It’s quite extraordinary to see the bond that has developed between grandmothers on both sides of the ocean. In a dramatic way, it helps to redefine the chasm between developed and developing nations. It goes without saying that the chasm exists in the realms of poverty, conflict and disease, but in the realms of sophistication, intelligence and fundamental human decency, nothing separates the African grandmothers from the Canadian grandmothers. They are as one." – Stephen Lewis

The Stephen Lewis Foundation launched the Grandmothers to Grandmothers Campaign in March 2006, in response to the emerging crisis faced by African grandmothers as they struggled to care for millions of children orphaned by AIDS. What began with only a few groups of committed Canadian grandmothers has since evolved into a dynamic and responsive movement, made up of grandmothers and grandothers working to mobilize support in Canada for Africa’s grandmothers.

The Campaign currently boasts more than 240 grandmothers groups across the country. Many of the groups have organized into regional and national networks in order to support each other’s efforts in solidarity with African grandmothers and the children in their care..

Resources from the Grandmothers Campaign go to grassroots organizations that support African grandmothers with food, health care, school fees and school uniforms for their grandchildren, income-generating programmes, counselling, social support, essential shelter, and other necessities. Throughout Africa, grassroots organizations run by and for grandmothers are sharing insights, deepening their expertise, collaborating with other local organizations, and building their capacity to turn the tide of AIDS at community level.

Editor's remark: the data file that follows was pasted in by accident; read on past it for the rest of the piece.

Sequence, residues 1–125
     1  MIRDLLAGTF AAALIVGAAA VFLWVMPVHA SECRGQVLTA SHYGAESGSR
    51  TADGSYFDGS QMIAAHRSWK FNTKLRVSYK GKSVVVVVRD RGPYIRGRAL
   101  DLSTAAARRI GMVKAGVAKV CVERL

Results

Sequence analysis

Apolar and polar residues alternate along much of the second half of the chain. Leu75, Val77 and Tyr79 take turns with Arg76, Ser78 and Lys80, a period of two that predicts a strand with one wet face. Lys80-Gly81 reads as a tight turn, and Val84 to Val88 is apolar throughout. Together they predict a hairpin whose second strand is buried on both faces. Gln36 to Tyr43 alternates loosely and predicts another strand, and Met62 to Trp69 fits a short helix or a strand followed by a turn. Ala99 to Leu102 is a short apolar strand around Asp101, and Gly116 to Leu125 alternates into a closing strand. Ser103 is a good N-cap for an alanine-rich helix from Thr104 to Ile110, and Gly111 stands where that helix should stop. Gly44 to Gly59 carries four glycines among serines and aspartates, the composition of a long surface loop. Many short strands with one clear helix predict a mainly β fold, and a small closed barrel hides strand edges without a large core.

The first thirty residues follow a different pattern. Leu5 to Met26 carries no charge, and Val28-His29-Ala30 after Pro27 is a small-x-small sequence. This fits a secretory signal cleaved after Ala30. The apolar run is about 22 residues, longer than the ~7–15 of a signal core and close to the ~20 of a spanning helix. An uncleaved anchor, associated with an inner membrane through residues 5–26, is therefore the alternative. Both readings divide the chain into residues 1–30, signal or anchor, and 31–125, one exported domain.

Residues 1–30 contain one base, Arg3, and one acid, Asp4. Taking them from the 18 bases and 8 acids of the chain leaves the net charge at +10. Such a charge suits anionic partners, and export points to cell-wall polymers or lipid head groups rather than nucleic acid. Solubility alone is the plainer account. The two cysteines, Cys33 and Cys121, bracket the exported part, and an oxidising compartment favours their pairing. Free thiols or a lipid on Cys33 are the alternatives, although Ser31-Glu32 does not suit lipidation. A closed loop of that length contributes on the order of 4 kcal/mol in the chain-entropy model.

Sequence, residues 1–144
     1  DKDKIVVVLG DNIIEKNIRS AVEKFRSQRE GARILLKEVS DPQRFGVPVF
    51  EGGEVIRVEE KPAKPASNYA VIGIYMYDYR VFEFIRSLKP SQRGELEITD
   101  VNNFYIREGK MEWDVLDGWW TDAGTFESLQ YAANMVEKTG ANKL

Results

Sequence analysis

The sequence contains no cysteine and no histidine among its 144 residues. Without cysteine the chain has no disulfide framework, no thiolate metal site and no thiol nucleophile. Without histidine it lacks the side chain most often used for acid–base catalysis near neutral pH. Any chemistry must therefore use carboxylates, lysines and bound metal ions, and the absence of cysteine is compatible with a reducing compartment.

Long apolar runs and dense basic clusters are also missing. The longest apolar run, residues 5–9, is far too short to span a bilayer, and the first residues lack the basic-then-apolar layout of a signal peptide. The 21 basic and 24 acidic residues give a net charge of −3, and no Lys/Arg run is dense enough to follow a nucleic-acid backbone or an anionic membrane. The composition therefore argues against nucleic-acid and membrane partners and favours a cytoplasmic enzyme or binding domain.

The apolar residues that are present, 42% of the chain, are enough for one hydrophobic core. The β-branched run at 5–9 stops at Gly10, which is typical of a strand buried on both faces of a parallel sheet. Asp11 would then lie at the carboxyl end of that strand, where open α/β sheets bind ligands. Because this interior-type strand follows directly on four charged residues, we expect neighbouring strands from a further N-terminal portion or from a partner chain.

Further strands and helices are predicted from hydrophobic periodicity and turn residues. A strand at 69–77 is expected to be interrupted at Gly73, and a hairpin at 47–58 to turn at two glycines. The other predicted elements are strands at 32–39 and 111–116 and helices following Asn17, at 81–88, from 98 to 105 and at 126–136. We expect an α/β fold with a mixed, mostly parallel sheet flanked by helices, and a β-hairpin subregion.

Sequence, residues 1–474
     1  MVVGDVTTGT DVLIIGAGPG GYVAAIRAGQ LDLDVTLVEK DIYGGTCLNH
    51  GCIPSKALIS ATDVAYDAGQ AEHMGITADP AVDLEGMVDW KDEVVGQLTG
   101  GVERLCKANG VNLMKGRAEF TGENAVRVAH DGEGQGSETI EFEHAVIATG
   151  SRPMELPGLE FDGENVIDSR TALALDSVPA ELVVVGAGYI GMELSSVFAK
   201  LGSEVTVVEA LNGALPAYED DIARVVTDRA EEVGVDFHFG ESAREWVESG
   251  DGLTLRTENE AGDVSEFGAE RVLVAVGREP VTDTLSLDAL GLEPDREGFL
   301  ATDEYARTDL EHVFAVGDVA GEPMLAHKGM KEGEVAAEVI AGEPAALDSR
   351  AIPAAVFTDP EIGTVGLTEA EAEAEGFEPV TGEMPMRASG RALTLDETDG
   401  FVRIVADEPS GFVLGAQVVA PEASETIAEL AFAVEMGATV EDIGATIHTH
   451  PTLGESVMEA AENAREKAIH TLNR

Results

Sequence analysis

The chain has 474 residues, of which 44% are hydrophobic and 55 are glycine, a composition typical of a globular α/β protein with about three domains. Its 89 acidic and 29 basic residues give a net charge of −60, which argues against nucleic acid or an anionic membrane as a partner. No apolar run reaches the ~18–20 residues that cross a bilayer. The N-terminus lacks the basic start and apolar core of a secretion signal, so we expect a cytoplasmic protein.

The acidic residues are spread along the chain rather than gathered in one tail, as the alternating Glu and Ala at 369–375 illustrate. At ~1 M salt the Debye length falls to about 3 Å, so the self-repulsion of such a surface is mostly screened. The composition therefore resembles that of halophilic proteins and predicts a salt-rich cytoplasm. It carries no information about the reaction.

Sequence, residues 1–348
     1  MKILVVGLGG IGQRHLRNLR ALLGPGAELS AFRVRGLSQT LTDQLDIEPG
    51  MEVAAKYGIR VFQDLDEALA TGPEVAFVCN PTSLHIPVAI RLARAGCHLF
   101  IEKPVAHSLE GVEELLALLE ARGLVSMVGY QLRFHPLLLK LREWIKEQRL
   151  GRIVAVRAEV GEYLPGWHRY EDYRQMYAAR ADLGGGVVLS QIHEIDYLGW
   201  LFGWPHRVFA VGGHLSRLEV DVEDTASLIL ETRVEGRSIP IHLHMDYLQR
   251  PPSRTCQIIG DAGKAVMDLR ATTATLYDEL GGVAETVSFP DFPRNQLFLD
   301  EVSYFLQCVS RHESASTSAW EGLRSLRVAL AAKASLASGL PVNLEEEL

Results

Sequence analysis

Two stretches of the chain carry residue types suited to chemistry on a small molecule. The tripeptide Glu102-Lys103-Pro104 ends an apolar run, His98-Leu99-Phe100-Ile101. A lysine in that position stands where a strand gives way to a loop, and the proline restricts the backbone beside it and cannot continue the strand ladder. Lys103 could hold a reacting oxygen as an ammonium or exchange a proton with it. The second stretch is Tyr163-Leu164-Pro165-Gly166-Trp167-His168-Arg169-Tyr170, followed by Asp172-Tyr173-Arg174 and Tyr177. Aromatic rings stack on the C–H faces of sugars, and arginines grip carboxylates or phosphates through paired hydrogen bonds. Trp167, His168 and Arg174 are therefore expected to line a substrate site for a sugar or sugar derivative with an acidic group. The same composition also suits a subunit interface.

News

Not your granny’s charity: Grandmas raise millions August 16, 2016

André Picard, The Globe and Mail

African grandmothers rally for support in battle against HIV July 22, 2016

André Picard, The Globe and Mail

Upcoming Events

Alberta Regional Grandmothers Gathering September 23, 2016

Edmonton, Alberta

Prairie Regional Grandmothers Gathering September 24, 2016

Winipeg, Manitoba